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FEATURE STORY

Non-stop power supply enhances quality of life in poor communities

August 13, 2012


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The project rehabilitated 2,000 kilometers of run-down and aged medium and low voltage overhead lines.

© Gennadiy Ratushenko / World Bank.

STORY HIGHLIGHTS
  • The project brings electricity 24/7 for 826.635 customers nationwide.
  • Widespread lighting enhanced safety in areas affected by street crime.
  • Electricity theft and nonpayment were tackled by the initiative.

Imagine receiving only 2-6 hours of power every day and, worse yet, not knowing exactly when you will have the service. Lack of electricity kept thousands of Dominican citizens from accessing the internet, watching TV, and recharging their mobile devices. The poor service posed challenges to yet more basic activities, such as walking safely back home in the evenings, and preserving foods and medicines in the refrigerator.

But there was light at the end of the tunnel — literally! The Electricity Distribution Rehabilitation Project, financed by the World Bank and other donors, freed 826,635 people nationwide from black outs. The initiative put an end to the losses due to lack of electricity, to nonpayment, and to deaths by contact with old wiring. In addition, it has rehabilitated more than 2,000 kilometers of run-down and aged medium and low voltage overhead lines, with an investment of more than 6 billion Dominican pesos.

After many decades of a service characterized by constant blackouts, several communities in urban and rural areas of the Dominican Republic now receive an uninterrupted supply of energy, accompanied by a process of continuing education, aimed at promoting efficient use, awareness about the need to pay for the energy.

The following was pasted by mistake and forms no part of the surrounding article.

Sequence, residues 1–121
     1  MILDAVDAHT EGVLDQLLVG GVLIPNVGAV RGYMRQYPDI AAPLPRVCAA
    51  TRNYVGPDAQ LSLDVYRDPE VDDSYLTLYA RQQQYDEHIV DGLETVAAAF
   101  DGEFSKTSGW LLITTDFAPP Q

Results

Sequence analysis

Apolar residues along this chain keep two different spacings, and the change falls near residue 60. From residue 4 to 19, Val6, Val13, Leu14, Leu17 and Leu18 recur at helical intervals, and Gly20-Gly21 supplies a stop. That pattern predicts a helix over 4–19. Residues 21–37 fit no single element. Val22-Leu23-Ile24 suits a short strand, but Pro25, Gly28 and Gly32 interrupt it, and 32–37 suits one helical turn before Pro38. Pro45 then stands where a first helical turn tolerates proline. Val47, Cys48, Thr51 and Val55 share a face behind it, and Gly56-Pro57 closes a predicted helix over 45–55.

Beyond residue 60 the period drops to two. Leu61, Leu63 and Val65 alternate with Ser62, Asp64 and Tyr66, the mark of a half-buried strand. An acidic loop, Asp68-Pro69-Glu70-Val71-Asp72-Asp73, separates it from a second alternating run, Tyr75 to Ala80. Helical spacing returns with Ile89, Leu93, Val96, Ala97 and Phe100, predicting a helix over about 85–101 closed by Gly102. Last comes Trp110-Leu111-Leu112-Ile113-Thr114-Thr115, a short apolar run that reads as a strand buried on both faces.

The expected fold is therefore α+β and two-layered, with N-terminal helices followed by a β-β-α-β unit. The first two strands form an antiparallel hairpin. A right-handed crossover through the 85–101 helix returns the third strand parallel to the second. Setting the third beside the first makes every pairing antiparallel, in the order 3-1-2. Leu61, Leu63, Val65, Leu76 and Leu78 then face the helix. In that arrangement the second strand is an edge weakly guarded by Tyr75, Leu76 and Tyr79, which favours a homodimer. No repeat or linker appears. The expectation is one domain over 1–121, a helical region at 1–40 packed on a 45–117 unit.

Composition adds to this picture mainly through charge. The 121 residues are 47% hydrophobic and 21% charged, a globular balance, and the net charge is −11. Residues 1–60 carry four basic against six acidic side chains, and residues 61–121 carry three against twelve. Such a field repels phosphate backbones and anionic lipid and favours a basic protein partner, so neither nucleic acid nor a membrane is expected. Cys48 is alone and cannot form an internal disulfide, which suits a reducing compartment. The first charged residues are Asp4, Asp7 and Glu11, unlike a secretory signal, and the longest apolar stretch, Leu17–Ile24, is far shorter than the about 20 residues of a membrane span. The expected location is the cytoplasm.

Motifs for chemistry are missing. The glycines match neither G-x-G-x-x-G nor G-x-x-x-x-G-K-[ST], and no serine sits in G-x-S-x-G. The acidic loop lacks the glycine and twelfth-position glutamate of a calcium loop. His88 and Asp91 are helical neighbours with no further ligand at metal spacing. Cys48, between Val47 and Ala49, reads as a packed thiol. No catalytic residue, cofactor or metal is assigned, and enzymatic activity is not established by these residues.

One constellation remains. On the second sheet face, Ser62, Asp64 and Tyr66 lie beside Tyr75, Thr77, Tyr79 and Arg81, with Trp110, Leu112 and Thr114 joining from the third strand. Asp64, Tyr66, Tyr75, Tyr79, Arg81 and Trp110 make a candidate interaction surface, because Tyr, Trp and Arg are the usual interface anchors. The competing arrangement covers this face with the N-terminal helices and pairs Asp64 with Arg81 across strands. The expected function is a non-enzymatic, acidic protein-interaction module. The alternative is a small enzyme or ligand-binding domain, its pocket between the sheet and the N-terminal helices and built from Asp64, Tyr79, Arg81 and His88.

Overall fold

The program brings good news, especially for those communities affected by street crime, where the dark areas pose risks for the safety. The project currently supplies lighting for streets and avenues of the cities and shantytowns.

Perhaps the most relevant aspect of the program is behavior change. In a country where poor people are stigmatized for not paying their bills, and for making illegal power connections, the program has evidenced a willingness to participate.  

In Las Palmas de Herrera neighborhood in Santo Domingo, for example, the distribution company reported an increase in collection in July 2012 from as little as 9,000 to 1.2 million Dominican pesos. Also distribution losses went from 88% to 62% also in July.

Members of poor communities in the Dominican Republic are setting the example as citizens committed to efficient and optimal use of energy, thus contributing to environmental sustainability and the planet's future. Their qualities of life have improved and they are happier.


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